I have planted many fruit trees, and most grow no problem. I'm cursed when it comes to cherry. They do well in my area. But something always happens. The first my father-in-law bought and planted a cherry tree for us. It was doing well for a few months, until my son, maybe 4 or 5 decided to climb it. Snapped that baby in 1/2.  I have planted many over the years, and something always happens.  I told my daughter I'm going to buy and plant 2 cherry trees every year until they grow, or I die whichever comes first.
Failure doesn't make me give up, it makes me more determined.
Happy gardening
Thanks everyone.  I should have been more clear. If I used the cultivator, I would only use it on top, mostly to disturb the weeds, trying not to disturb the soil layer.  But maybe I won't.

Eric I still want to try again to grow wine cap.  Like I said we are actually getting rain. I need to trim some of my trees, I was thinking I could use my little chipper, and have some fresh wood chips. Maybe starting earlier, fresh chips, and more moisture and maybe I will succeed this time.  I finally got a comfrey to grow, and survive about 6 months now, so anything can happen.

Thanks again everyone.
1 week ago
I have this area between my garage, and apricot trees. I call it my want to be food forest. I have planted a few perennials to go in that direction, but the gophers were very bad, and not much is still alive.  I covered the ground with about 8" to 12" of wood chips two or three years ago.  
We have gotten more rain than the last few years, which is great, but the weeds are so thick you can't even see the wood chips.  I don't till any of my gardens, but I was thinking maybe I should use my little cultivator to till the weeds into the broken down wood chips, then the, put cardboard down, and add new chips. Or should I just put the cardboard on top of the weeds and add wood chips.  I don't have the time or energy to pull all the weeds. I don't want to just add wood chips because the weeds some how manage to grow through the wood chips.  
I just want to get the weeds under control. I like to plant melons, and all my extra veggies in this area.  Would love to hear thoughts, and or suggestions. Thanks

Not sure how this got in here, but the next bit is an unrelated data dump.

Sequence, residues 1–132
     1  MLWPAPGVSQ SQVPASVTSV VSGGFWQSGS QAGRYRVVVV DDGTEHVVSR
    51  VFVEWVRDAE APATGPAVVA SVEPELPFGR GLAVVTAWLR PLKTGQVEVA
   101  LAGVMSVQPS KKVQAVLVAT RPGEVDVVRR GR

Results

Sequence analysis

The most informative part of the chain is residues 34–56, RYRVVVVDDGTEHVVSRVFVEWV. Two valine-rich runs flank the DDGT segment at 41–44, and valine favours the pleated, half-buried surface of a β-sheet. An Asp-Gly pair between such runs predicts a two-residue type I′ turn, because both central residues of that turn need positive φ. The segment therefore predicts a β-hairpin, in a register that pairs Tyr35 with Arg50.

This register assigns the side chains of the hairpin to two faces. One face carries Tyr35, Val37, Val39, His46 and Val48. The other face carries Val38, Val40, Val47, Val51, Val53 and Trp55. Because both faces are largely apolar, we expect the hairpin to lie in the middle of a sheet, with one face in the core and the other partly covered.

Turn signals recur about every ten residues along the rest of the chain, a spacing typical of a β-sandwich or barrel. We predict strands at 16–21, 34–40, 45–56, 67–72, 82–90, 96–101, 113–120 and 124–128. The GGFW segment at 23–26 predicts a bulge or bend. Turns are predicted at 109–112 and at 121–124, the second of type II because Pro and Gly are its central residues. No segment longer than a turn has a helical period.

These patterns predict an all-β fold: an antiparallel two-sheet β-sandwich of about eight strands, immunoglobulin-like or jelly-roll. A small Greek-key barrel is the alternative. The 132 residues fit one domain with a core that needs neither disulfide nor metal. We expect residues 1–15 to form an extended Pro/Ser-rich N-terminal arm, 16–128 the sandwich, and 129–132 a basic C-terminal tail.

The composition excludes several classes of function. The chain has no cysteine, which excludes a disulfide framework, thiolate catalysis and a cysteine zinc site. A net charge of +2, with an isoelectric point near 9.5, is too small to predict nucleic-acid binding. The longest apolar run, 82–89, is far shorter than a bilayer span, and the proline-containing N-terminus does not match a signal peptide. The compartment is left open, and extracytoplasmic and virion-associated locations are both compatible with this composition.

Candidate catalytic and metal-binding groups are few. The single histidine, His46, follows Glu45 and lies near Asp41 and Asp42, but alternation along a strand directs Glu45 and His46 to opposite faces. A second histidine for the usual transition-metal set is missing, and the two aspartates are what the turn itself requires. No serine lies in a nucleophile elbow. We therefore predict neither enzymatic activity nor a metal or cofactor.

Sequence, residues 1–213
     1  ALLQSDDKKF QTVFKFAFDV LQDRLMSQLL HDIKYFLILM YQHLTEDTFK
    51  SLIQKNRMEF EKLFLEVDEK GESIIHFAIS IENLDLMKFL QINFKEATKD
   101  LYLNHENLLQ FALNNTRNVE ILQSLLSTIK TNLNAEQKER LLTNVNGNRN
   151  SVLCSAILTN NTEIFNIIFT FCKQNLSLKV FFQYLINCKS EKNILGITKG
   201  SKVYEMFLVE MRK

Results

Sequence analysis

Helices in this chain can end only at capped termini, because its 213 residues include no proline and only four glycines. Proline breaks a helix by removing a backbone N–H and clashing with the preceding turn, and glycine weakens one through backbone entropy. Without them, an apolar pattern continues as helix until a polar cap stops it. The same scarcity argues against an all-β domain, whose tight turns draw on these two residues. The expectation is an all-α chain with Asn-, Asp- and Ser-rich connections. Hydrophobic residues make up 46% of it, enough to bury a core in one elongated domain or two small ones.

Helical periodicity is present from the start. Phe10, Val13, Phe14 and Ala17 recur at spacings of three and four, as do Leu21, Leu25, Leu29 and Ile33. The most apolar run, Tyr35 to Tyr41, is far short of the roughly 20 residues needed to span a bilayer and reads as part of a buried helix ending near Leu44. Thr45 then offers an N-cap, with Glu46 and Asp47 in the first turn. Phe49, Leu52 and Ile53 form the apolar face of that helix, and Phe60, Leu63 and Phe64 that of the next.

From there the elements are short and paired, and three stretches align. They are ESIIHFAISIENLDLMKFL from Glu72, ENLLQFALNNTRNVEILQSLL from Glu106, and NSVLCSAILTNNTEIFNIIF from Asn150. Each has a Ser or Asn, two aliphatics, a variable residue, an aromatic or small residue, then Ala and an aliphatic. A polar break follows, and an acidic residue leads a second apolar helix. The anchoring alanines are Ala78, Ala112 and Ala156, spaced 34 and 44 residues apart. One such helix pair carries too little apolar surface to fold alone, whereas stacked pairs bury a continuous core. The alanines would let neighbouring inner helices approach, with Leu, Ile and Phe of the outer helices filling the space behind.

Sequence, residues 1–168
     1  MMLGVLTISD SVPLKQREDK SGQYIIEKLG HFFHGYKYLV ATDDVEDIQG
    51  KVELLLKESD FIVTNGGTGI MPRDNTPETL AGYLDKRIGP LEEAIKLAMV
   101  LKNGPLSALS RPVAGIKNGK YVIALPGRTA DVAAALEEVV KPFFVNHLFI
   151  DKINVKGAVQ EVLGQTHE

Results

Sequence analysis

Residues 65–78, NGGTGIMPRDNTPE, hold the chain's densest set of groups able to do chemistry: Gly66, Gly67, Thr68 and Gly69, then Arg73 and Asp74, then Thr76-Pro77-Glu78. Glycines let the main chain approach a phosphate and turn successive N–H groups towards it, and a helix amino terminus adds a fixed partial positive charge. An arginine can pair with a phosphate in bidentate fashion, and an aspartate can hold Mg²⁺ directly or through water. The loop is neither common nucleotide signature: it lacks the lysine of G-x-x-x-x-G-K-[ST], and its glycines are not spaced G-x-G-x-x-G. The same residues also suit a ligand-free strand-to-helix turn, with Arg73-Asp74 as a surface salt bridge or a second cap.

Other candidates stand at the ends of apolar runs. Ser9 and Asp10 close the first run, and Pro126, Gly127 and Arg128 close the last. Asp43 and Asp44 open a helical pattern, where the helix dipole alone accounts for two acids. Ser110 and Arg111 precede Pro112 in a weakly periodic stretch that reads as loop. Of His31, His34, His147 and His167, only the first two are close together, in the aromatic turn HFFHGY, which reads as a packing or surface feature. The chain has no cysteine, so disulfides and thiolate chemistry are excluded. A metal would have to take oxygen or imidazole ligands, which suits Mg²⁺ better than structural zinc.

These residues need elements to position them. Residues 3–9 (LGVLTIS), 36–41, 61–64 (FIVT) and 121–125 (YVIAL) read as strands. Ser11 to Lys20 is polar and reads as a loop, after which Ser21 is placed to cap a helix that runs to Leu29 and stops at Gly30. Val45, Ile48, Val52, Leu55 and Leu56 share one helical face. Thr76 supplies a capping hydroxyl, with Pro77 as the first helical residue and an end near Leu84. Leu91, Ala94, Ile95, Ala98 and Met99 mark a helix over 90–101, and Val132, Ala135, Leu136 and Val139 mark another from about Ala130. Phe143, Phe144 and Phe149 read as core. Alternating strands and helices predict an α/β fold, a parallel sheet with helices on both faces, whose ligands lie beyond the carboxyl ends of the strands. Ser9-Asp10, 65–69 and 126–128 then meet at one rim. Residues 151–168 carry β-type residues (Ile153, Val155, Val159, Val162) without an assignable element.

1 week ago
I'm going to be the odd ball on permies. Weed cloth is very un-permies, and most here don't like it. I like it for walk ways.  The trick is to use a good quality weed cloth.  I like the cloth I get at Sam's club.  I have tried many variations to keep my walk ways free of Bermuda grass, and other weeds.  Nothing is 100%.  For me the best has been the lay weed cloth, then cardboard, then 6 or more inches of wood chips.  This seems to last the longest. I think the cardboard helps protect the weed cloth from getting holes which allows weeds to pop through.
I have tried plastic, and it didn't last any longer than the weed cloth, and it doesn't allow water to go through.
On the other hand if you don't mind mowing, like that look, that is a solution as well.  I think as long as you keep an eye on the runners, you should be able to keep it out of your garden.
Good luck with what ever you choose. Bermuda is the bain of my existence as well.
1 week ago
I'm definitely not an expert.  I know when I received my worms it recommended giving the worms corn meal, to give them a boost after shipping.  I continue to give it to them now and then.  It would be awesome if I soil expert would answer your question. Until that happens, I will share my thoughts.  With just about everything what goes in comes out. So if you eat home grown organic food, you are giving yourself a great chance to be healthy, if you live on fastfood, not so much.  I use this philosophy with all my animals, including my worm.  They get a variety of my best food scraps.  It just seems like the better quality food scraps would make better quality casting.  The variety is because different foods have different nutrients, so it seems to me I will get a more well rounded balanced casting this way.

In all honesty I have chosen quantity over quality when it comes to the bedding.  I started out using wood chips. In my mind I felt this would give me a more natural quality casting.  Maybe it did, who knows, I didn't have it tested.  But, yes you knew it was coming. It took 8 or 9 months to get usable worm castings.  I would have to have many bins to get enough worm castings that way.  So I have gone to the dark side so to speak. I shred cardboard and use it as the primary bedding.  I do add Coco Core, and some rough compost.  I know there's a lot of controversy about cardboard, and the glue used, and I wish it wasn't so. We have an abundance of cardboard, and the worms brake it down pretty fast. 6 to 8 weeks instead of months.  So for us getting rid of cardboard, and faster results wins over what in my mind would be the "better, more natural" choice.  
Basically in my mind the better quality you give, the better quality you get.  Good luck.
1 month ago